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U.S. vetoes Arafat vote in U.N.

Arafat is back in the spotlight after Israel said it wanted to
Arafat is back in the spotlight after Israel said it wanted to "remove" him.

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The U.S. vetoed a U.N. resolution that would have demanded Israel halt threats to expel Palestinian Authority President Yasser Arafat. CNN's Richard Roth reports (September 17)
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UNITED NATIONS (CNN) -- The United States vetoed a U.N. resolution that would have demanded Israel halt threats to expel Palestinian Authority President Yasser Arafat.

Eleven of the 15 Security Council members voted for the resolution on Tuesday and three members abstained -- Britain, Bulgaria and Germany. The U.S. veto killed the resolution.

In the Middle East, chief Palestinian negotiator Saeb Erakat said: "This is a sad day for the United Nations. I hope the U.S. veto will not be interpreted by Israel as a license to kill Yasser Arafat."

The resolution, which was proposed by Sudan and Syria, demanded that Israel back down from its threat to "remove" Arafat.

The Israeli Security Cabinet decided in principle last week to remove Arafat, calling him an obstacle to peace, but it provided no specifics about possible action.

International criticism escalated Sunday following Israeli Vice Prime Minister Ehud Olmert's remark that killing Arafat was an option. Israeli Foreign Minister Silvan Shalom backtracked Monday, saying that such was not official policy.

The Arab League -- which proposed the U.N. resolution through Security Council member Syria -- called Israel's action the equivalent of a declaration of war on Middle East peace.

Israeli Prime Minister Ariel Sharon's government blames Arafat for not stopping terrorist attacks that have killed dozens of Israelis in recent weeks. Arafat remains confined to his compound in the West Bank city of Ramallah, surrounded by supporters.

Nasser al-Kidwa, the Palestinian observer to the United Nations, warned that "serious consequences may follow the use of this veto, and the United states will bear the consequences for that," The Associated Press reported.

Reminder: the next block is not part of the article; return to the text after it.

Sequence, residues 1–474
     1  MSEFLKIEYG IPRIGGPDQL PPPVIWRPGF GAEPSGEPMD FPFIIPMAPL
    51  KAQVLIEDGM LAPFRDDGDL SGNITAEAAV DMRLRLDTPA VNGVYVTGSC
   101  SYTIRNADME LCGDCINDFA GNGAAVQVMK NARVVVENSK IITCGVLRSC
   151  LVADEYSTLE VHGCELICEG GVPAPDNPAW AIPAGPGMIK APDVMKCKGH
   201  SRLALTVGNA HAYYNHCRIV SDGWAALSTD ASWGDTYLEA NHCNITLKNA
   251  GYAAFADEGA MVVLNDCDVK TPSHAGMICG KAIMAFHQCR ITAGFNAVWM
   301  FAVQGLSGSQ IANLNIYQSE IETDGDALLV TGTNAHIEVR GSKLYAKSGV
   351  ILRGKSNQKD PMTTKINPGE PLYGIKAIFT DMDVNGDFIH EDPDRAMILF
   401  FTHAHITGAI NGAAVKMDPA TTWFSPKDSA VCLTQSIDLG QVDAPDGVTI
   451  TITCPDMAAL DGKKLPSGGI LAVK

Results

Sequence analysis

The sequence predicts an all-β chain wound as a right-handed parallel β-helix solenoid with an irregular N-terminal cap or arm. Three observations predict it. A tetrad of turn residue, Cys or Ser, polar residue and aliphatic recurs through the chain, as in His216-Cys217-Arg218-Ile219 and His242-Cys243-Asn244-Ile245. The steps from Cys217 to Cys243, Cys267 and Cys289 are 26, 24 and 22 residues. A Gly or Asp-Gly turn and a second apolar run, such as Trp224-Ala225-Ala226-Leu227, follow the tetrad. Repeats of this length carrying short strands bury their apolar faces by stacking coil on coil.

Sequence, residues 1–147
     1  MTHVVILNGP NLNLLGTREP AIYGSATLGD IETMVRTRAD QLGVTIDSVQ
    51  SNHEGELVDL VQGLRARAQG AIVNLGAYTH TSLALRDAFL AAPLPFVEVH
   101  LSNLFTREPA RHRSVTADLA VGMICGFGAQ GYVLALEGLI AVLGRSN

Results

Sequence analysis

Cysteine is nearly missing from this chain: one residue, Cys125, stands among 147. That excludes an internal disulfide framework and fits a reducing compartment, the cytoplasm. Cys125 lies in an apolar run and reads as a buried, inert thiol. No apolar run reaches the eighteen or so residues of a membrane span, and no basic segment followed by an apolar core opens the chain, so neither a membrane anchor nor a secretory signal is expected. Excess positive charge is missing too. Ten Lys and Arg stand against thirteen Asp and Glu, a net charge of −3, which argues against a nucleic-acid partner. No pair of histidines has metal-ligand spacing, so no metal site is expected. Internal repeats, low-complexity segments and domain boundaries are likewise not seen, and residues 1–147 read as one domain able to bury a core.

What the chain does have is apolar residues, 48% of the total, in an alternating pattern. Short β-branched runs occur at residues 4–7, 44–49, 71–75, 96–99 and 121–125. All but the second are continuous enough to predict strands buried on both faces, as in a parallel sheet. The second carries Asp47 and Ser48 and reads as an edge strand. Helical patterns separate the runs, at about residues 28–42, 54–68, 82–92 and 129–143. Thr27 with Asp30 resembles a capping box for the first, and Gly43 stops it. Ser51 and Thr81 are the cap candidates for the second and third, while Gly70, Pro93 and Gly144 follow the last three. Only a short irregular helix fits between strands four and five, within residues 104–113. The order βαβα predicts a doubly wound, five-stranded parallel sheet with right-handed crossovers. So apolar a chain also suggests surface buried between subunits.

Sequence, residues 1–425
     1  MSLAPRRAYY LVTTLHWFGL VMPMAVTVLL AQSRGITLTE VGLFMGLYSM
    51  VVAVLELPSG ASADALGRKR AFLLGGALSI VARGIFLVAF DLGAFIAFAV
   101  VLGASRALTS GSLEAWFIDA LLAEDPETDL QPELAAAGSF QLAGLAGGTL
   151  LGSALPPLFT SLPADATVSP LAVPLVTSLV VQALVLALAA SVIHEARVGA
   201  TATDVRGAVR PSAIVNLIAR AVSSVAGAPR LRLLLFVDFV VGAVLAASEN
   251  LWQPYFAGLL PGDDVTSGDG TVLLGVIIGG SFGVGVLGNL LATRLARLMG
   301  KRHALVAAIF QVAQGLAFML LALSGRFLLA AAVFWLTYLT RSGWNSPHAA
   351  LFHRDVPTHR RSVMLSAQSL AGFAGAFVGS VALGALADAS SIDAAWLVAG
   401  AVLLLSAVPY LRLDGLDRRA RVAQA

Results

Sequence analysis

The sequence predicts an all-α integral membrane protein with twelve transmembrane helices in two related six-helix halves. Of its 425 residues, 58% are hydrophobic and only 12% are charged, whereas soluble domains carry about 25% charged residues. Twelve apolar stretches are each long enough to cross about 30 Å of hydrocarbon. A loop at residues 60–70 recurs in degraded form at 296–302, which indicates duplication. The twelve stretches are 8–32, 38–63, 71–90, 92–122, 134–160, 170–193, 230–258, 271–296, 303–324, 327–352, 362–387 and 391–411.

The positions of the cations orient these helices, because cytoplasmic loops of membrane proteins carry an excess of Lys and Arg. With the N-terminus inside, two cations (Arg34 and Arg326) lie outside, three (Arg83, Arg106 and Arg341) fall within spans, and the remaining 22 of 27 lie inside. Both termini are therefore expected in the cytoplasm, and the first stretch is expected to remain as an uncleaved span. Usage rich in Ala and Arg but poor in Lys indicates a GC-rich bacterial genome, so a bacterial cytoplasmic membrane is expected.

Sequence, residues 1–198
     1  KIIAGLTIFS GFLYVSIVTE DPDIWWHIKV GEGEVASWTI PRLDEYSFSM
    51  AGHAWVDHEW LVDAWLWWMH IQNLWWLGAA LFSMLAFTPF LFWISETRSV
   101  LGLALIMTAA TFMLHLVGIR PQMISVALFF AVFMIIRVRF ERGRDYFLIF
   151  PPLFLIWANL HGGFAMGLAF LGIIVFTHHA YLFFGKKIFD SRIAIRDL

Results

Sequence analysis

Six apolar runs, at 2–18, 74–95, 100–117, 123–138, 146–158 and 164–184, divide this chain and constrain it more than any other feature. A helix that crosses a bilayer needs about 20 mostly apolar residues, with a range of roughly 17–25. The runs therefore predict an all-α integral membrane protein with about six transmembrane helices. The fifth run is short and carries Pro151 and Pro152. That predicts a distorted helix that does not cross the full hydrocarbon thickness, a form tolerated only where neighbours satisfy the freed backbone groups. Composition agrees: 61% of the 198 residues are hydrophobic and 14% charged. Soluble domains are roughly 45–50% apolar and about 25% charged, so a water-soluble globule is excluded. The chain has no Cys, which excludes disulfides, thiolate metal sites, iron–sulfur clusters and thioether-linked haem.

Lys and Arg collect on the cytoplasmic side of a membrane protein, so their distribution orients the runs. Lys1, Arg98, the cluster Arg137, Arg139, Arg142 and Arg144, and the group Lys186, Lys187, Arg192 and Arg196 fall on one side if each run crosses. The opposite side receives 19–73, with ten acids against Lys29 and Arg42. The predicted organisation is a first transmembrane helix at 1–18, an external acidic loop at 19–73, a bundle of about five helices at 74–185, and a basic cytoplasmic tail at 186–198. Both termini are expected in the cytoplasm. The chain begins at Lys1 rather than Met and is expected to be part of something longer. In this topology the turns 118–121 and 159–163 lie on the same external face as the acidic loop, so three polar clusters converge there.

After the vote, U.S. Ambassador John Negroponte reiterated the American position that the resolution lacked balance.

"As we said yesterday, we will not support any resolution that evades the explicit threat to Middle East peace process posed by Hamas and other such terrorist groups," Negroponte said.

Negroponte said U.S. Secretary of State Colin Powell has made it clear he does not support the "elimination of Mr. Arafat or his forced exile."

"While Mr. Arafat is part of the problem, we believe this problem is best solved through diplomatic isolation and we have made this view clear," he said.

The rejected resolution would have demanded "that Israel, the occupying power, desist from any act of deportation and cease any threat to the safety of the elected president of the Palestinian Authority."

It would have called for the cessation of "all acts of terrorism, provocation, incitement and destruction."

It also would have condemned both Israel's attacks on militant leaders and Palestinian suicide bombings, "all of which caused enormous suffering and many innocent victims."

"The fact that the U.S. delegation used its veto is something extremely regrettable," said Syria's U.N. ambassador, Fayssal Mekdad.

"If Israel wants to live in peace in the region, and it's clear it doesn't want to live in peace in the region, it wants to live with its expansion, with its settlements, with its occupation, something that not only Arabs and Palestinians would not accept, but everybody in the world will not accept," Mekdad said.

Israeli Ambassador Dan Gillerman commended the resolution's rejection.

"This was a very lopsided resolution, very biased resolution, and I therefore wish to commend those countries that did not support it," he said. "This was a resolution which in a very macabre way criticized the victims of terror rather than the perpetrators of terror."

Terrorism against Israelis by Palestinians and Israeli military attacks on Palestinian militants continue despite international pressure on both sides to end the violence and proceed with the Mideast peace plan.

The road map -- backed by the United States, United Nations, European Union and Russia -- calls for an end to the Israeli-Palestinian conflict and the establishment of an independent Palestinian state by 2005.

The road map has suffered a series of blows during an upswing in violence. Two Hamas terrorist bombings September 9 killed 15 Israelis, followed a day later by an Israeli airstrike that wounded Hamas leader Mahmoud Zahar. The attack also killed Zahar's son and a bodyguard and wounded at least 20 others.

Palestinian security sources told CNN high-level discussions were under way between Palestinian militant factions and the Palestinian Authority for a renewal of a truce against Israeli targets.

Hamas, Islamic Jihad and Al Aqsa Martyrs Brigades, a military offshoot of Arafat's Fatah movement, declared a temporary cease-fire in June, but it fell apart last month. All three are considered terrorist organizations by the the United States and Israel and European Union foreign ministers recently voted to consider Hamas a terror group.

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